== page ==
How We Learn, People Who've Inspired Us

The Captain’s Father

I have learned from many sailors over the years, but none so much as the years I spent in the cockpit of my father’s ‘old classic woodies’ on the Great Lakes.

Being the youngest of 5 and having lost my mother to her nursing career, I tagged along behind the Captain (my father) and learned by doing; whether we were trading in old nautical antiques in the flats, scraping and re-packing the seams in the dead of winter or heading off on long legs to Canadian islands.

From an early age, I was expected to take my turn at the helm, climb out on the 8′ bowsprit to un-hank the yankee in a pitching sea, roll down the mains’l jiffy-reefing, climb the mast to reconfigure some tangled halyard and name the constellations on a star-lit night.

I never knew if he appreciated that tiny toe-headed, tom-boy that loved the sea as much as he, for he spent a life time mentoring and coaching as a profession and avocation…even receiving a 50 year honor from the Red Cross Sailing program for his services in Cleveland (as well as 37 years teaching/coaching in the public schools).

I knew how deeply imbedded his lessons were upon instructing my own sailing students from Camp LeJeune Marine Base in tying the four basic sailing knots and fully expecting them to tie them down under 5 seconds (been there when those seconds counted).

They enjoyed my stories of being set at the helm at 8 years old and being expected to hold my course while he went down for a nap, only to hear him bellow from below if my heading was off 5 degrees on either side.

But it was after we rebuilt that small salvaged cat-rigged wooden skiff, that I set out alone.

With his words in my ears, the wind in my face and the waves rolling underneath…. I became a sailor that day… hand squarely on the tiller…the strong easterly winds pulling hard…the direction my own….a skipper in my own right.

He gave me that little old boat as a sweet sixteen gift with a little card, “I hope you enjoy sailing as much as I have” love, Dad.

And for me, that was the BEST a girl could receive!!

Been salvaging boats ever since, restoring their dignity as beautiful swimmers and have encouraged, taught and mentored as many folks to take the helm and seek the wind as one possibly can.

Capt. Suz
The Captain’s Daughter
Bogue Inlet, the Carolina Coast

“A sailor is an artist whose medium is the wind”~ W. Chiles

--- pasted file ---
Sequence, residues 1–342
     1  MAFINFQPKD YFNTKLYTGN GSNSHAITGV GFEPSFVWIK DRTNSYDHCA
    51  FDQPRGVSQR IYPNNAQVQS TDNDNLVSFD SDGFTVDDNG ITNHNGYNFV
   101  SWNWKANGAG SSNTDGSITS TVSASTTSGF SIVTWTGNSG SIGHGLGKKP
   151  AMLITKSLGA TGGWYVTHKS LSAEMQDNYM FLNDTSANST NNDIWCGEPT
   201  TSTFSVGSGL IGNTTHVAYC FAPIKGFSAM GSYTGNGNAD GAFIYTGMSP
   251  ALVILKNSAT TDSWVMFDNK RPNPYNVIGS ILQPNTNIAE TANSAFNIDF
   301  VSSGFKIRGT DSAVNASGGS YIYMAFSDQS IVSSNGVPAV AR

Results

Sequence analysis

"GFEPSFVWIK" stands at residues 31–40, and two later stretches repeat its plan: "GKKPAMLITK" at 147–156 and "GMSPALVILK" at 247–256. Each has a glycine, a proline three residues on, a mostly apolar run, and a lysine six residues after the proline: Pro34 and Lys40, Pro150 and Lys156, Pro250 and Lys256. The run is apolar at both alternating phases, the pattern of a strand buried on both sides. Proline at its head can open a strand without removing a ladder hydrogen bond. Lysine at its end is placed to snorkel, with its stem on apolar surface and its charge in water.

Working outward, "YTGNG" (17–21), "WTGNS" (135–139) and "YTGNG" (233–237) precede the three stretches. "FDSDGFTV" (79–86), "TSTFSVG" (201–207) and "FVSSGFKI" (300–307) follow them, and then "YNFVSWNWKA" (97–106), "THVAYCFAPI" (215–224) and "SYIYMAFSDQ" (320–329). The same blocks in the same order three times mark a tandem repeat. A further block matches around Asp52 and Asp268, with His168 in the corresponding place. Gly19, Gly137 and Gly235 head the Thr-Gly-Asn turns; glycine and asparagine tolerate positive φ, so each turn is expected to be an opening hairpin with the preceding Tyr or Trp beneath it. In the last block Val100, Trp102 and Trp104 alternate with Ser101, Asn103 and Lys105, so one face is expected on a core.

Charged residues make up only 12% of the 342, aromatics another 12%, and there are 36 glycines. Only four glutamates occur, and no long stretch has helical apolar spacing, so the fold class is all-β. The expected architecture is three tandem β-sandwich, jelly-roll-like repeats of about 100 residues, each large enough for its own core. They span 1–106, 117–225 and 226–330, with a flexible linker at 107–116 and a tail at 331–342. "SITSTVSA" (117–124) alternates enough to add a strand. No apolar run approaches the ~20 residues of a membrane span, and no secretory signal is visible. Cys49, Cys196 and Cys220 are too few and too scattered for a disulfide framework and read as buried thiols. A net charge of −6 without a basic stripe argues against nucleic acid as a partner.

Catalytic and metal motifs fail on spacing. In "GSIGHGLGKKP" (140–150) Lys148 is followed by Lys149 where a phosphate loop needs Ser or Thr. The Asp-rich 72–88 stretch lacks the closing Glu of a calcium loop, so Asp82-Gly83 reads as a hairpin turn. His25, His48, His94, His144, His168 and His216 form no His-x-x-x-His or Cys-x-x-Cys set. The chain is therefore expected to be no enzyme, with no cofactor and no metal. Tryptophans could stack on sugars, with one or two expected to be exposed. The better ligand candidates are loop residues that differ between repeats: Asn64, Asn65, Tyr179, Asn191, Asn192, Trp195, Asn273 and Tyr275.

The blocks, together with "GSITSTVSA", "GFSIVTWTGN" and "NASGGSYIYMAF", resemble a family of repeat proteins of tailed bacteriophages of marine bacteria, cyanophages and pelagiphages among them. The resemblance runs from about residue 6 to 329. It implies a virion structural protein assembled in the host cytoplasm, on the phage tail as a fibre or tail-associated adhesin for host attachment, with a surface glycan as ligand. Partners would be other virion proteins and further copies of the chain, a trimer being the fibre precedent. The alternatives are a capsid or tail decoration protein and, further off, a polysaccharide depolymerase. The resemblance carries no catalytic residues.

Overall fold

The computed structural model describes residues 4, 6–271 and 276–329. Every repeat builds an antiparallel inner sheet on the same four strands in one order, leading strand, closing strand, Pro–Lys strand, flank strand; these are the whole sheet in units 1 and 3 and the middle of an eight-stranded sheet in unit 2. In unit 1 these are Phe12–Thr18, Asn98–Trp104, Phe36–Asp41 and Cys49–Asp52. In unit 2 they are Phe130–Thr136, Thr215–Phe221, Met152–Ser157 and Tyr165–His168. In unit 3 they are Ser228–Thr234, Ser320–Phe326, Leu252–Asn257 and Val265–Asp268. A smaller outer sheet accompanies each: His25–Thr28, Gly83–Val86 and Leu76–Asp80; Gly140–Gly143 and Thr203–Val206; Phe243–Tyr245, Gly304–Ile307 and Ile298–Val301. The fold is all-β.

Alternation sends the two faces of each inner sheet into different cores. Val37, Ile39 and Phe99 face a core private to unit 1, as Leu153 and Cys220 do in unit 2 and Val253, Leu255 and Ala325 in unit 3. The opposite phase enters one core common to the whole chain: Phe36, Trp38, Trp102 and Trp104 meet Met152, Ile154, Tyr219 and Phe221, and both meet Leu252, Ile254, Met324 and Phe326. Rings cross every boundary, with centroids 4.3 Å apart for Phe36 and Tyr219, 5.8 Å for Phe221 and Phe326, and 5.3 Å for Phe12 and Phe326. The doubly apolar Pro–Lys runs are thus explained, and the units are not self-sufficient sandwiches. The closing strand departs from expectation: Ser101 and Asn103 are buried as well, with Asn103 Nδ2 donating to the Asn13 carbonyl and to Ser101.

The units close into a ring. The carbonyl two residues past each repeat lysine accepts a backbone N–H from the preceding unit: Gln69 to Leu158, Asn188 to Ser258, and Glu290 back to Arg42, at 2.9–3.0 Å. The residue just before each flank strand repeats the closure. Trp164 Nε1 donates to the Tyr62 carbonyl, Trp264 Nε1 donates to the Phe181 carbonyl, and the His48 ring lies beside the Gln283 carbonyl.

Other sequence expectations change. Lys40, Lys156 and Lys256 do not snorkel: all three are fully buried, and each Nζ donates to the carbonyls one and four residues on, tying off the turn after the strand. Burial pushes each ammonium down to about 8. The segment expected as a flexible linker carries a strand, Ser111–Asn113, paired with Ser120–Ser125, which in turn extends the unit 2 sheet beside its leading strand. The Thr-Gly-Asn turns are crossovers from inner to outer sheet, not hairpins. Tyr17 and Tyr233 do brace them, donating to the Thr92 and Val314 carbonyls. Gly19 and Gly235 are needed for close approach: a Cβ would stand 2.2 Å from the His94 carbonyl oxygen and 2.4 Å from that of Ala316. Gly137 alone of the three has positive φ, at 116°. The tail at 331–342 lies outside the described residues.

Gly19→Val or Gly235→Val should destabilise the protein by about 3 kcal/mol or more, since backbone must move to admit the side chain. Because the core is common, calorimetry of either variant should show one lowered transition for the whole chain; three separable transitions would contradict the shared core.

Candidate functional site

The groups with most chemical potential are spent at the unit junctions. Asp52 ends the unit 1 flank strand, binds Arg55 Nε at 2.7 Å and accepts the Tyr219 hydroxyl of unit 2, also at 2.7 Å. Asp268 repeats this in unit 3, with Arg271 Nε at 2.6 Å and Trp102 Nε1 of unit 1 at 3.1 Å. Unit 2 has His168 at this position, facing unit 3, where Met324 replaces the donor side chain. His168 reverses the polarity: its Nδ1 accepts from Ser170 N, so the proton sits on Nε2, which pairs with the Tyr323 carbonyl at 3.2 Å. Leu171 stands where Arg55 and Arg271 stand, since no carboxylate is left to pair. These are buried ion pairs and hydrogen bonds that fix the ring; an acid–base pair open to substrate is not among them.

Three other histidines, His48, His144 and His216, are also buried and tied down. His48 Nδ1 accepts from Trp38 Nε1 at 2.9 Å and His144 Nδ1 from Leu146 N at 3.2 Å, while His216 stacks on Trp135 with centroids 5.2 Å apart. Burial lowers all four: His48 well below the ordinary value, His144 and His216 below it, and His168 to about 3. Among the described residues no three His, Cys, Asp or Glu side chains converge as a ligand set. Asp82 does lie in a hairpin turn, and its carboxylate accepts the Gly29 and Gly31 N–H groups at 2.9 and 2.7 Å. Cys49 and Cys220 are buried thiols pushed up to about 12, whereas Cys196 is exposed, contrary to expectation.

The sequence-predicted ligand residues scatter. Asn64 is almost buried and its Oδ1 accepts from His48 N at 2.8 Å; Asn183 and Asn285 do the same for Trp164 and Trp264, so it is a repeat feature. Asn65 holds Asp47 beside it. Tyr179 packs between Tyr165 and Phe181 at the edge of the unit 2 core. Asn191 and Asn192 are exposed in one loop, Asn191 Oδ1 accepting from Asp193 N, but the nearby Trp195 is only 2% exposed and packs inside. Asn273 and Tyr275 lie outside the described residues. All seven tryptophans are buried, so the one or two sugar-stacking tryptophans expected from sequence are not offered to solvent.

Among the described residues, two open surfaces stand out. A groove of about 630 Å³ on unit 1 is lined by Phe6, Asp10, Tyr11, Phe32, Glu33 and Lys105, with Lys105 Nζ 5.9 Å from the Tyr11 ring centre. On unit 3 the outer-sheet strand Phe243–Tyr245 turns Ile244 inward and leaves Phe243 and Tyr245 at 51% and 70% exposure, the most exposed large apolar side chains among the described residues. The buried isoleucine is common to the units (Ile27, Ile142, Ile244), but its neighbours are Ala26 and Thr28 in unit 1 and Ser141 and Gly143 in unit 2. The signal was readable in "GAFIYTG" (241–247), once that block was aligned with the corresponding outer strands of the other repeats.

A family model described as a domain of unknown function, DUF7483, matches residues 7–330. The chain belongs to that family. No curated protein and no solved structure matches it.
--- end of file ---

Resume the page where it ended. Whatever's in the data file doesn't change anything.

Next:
About Capt. Suzi Wallace

I grew up sailing the Great Lakes, cruising, racing, restoring and eventually began a free-lance career of giving back to the marine industry as a seafaring artisan/designer/illustrator and educator.

I lived aboard and cruised on a 41’ trimaran raising two beautiful ‘sweet pea’ swabs and continue to race beach cats and  classic wooden skiffs but will always love the intimacy and adventure of a small boat set out to sea~

Suz writes about those sweet sails and much more on her blog.

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  • Capt. Suz Wallace’s blog

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2 comments to The Captain’s Father

  • What a beautiful tribute! I’m always a little envious when I read about people who grew up sailing, and it’s particularly true when the mentor is a wise father. I had a wonderful father (whom I miss poignantly on Father’s Day, especially because his birthday, the 21st, often is the same day), and he always supported me in whatever I wanted to put my mind and soul to. So he would have been very proud to see my accomplishments in boating, even though he never had a part in them and I had to find other mentors along the way.

  • I have always expressed to my sailing students the significance of “my” taking the helm of my own small boat, and THAT was truly the beginning of my education. Only one other brother took to sailing like myself, the rest don’t care for it. So although it was a blessing in my life, there was also an “internal” switch that turned me on…that is another story~
    One of my most significant mentors was a sea-lawyer who raced one-design fleet boats at the local yacht club. He contacted my college sailing team looking for crew for the racing season and I signed up,,,our 4 person crew went all the way to the Nationals that year. I learned more about the technical, strategic side of sailing in that one season than in years of cruising. So when my sailing students ask where to go after lessons…I ALWAYS highly suggest, get on board a racing boat and your learning curve will skyrocket!
    I believe in mentors, no matter where they come from. But a little girl will always want her father to be proud of her~

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